On the appropriateness of modelling brain parenchyma as a biphasic continuum

Angus Tavner, T.D. Roy, K.W.W. Hor, M. Majimbi, Grand Joldes, Adam Wittek, Stuart Bunt, Karol Miller

Research output: Contribution to journalArticle

9 Citations (Scopus)

Abstract

© 2016 Published by Elsevier Ltd.
Computational methods originally developed for analysis in engineering have been applied to the analysis of biological materials for many years. One particular application of these engineering tools is the brain, allowing researchers to predict the behaviour of brain tissue in various traumatic, surgical and medical scenarios. Typically two different approaches have been used to model deformation of brain tissue: single-phase models which treat the brain as a viscoelastic material, and biphasic models which treat the brain as a porous deformable medium through which liquid can move. In order to model the brain as a biphasic continuum, the hydraulic conductivity of the solid phase is required; there are many theoretical values for this conductivity in the literature, with variations of up to three orders of magnitude. We carried out a series of simple experiments using lamb and sheep brain tissue to establish the rate at which cerebrospinal fluid moves through the brain parenchyma. Mindful of possible variations in hydraulic conductivity with tissue deformation, our intention was to carry out our experiments on brain tissue subjected to minimal deformation. This has enabled us to compare the rate of flow with values predicted by some of the theoretical values of hydraulic conductivity from the literature. Our results indicate that the hydraulic conductivity of the brain parenchyma is consistent with the lowest theoretical published values. These extremely low hydraulic conductivities lead to such low rates of CSF flow through the brain tissue that in effect the material behaves as a single-phase deformable solid.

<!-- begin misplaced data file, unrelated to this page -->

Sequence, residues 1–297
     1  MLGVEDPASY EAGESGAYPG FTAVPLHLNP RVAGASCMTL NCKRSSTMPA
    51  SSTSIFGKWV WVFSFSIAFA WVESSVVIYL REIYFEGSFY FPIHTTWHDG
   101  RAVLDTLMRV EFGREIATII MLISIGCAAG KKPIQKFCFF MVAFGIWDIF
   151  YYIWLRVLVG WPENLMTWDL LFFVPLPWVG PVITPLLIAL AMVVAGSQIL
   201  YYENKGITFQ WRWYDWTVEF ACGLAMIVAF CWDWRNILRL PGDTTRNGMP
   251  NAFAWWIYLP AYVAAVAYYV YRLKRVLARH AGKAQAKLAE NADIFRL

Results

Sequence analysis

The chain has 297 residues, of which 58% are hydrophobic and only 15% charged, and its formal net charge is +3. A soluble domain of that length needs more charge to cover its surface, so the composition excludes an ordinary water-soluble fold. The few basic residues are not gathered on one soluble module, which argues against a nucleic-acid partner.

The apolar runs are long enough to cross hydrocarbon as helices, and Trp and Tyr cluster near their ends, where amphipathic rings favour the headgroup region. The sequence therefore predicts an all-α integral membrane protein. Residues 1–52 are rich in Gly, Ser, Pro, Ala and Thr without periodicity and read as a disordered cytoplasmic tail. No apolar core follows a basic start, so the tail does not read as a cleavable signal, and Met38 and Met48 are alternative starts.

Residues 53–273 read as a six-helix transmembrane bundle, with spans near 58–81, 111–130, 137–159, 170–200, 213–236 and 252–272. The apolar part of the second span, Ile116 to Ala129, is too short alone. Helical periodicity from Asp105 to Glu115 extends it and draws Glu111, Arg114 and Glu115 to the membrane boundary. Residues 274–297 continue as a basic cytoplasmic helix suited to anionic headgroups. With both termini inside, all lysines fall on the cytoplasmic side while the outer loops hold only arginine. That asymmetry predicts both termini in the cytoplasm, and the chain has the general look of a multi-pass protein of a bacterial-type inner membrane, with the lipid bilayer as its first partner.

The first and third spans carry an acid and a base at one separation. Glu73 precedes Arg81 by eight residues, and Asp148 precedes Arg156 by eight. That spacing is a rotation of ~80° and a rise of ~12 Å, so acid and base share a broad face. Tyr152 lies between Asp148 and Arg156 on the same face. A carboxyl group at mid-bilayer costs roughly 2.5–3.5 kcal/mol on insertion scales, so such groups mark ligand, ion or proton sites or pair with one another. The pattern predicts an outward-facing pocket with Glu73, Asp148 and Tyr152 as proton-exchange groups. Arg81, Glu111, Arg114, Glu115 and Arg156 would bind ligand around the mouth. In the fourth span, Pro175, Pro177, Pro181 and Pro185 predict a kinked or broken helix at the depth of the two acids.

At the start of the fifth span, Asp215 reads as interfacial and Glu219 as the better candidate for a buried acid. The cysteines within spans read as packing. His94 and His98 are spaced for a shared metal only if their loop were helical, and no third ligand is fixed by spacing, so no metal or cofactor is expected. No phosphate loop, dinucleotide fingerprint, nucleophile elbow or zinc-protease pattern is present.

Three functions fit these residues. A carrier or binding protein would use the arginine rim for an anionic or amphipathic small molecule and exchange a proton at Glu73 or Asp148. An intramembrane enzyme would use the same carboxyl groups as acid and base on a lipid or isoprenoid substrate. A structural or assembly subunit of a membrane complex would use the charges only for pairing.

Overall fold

Original languageEnglish
Pages (from-to)511-518
JournalJournal of The Mechanical Behavior of Biomedical Materials
Volume61
Early online date13 Apr 2016
DOIs
Publication statusPublished - Aug 2016

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